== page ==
A New York State superintendent was forced to resign after allegations that teachers were ordered to correct third graders' wrong answers on performance tests.
The administrators of a Connecticut school are accused of erasing their students' mistakes. In Chicago, a teacher was fired after letting students practise questions that appeared on a skills test later given to them.
The incidents come as educators are being pressed for tangible evidence that school reform is working. Some districts have tied teacher salaries and principals' bonuses to student test scores.
"When you tell administrators that their test scores have to go up or else, or you say to teachers that their salary is going to be dependent on their children's test scores, the temptation to tamper with those tests is obvious, " said Carole Kennedy, an elementary school principal in Columbia, Missouri.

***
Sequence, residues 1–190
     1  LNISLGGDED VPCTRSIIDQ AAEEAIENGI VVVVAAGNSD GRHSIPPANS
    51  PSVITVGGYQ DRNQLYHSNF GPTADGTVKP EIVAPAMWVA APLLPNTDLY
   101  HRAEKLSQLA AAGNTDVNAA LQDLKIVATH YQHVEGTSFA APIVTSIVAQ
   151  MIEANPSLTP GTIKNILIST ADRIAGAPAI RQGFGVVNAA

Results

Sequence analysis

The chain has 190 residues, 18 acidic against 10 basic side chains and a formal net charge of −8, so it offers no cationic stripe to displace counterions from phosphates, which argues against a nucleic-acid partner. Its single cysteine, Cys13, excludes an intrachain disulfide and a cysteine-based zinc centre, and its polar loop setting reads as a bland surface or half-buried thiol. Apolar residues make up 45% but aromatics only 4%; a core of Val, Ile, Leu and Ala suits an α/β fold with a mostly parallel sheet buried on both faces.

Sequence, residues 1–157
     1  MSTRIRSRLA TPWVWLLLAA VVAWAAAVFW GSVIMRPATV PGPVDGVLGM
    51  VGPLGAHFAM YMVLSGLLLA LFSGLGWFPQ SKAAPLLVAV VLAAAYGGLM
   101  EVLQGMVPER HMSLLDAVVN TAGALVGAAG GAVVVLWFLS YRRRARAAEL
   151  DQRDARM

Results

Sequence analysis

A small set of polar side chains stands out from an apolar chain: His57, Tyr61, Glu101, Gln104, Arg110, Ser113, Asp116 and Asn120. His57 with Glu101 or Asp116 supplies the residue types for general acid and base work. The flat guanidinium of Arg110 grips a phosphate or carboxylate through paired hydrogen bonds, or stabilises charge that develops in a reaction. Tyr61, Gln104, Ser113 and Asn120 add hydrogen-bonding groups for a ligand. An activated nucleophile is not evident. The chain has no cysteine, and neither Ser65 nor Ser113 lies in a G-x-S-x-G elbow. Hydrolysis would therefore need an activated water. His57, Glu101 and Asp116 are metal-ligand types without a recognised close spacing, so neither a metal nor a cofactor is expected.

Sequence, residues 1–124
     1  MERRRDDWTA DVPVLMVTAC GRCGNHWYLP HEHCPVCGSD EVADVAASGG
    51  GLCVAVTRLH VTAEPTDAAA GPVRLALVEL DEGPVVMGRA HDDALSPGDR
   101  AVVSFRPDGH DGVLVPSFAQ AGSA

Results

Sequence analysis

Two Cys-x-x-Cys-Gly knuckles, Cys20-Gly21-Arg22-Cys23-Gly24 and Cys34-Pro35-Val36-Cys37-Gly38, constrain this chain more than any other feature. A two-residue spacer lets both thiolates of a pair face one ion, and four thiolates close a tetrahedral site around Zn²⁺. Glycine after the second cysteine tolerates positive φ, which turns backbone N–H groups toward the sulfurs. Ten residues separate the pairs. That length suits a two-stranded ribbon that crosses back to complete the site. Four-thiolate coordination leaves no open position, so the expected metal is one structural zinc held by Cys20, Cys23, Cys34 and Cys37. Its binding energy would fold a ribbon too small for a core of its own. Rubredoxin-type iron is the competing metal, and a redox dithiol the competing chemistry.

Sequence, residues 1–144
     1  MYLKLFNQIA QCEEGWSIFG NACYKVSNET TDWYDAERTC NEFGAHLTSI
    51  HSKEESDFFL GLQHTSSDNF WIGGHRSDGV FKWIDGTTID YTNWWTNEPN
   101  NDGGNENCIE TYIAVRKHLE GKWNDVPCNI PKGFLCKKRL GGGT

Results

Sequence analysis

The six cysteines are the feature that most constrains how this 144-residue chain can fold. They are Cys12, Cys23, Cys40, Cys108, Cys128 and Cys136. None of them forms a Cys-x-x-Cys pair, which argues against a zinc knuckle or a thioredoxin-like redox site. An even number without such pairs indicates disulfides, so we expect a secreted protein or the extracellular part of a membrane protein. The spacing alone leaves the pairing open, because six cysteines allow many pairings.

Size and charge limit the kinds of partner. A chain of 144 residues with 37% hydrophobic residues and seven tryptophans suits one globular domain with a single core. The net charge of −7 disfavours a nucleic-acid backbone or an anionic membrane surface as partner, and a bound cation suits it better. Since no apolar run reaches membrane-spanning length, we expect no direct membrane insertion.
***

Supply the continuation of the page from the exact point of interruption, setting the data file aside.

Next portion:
"I'm certainly not condoning that. Integrity is more important than test scores."
Where answers appeared to have been erased and rewritten teachers were escorted from the Stratfield School in Fairfield, Connecticut, to the test publishing company in Iowa by a police officer. The principal of the award-winning school voluntarily submitted to a lie-detector test.
School board officials noticed that original answers had been rubbed out when they were comparing the scores of third and fifth-graders with those of students at other schools.
Answers on a second test also were discovered to have been erased.
A teacher was fired in Chicago and a principal suspended without pay for keeping old copies of skills tests and giving them to students.
The students then sat the same tests. The incident occurred after the district began requiring students to score above a certain level in order to be promoted to the next grade.
Officials are investigating allegations that the same thing occurred in two other Chicago elementary schools.
And an elementary school principal in Hawaii had teachers fill in the answers on a third- grader's incomplete achievement test.
"There's a lot of anxiety on the part of administrators right now," said Ms Kennedy, president of the National Association of Elementary School Principals.
"If we could figure out how to measure how much the children have improved, rather than how they score, we'd be a lot better off."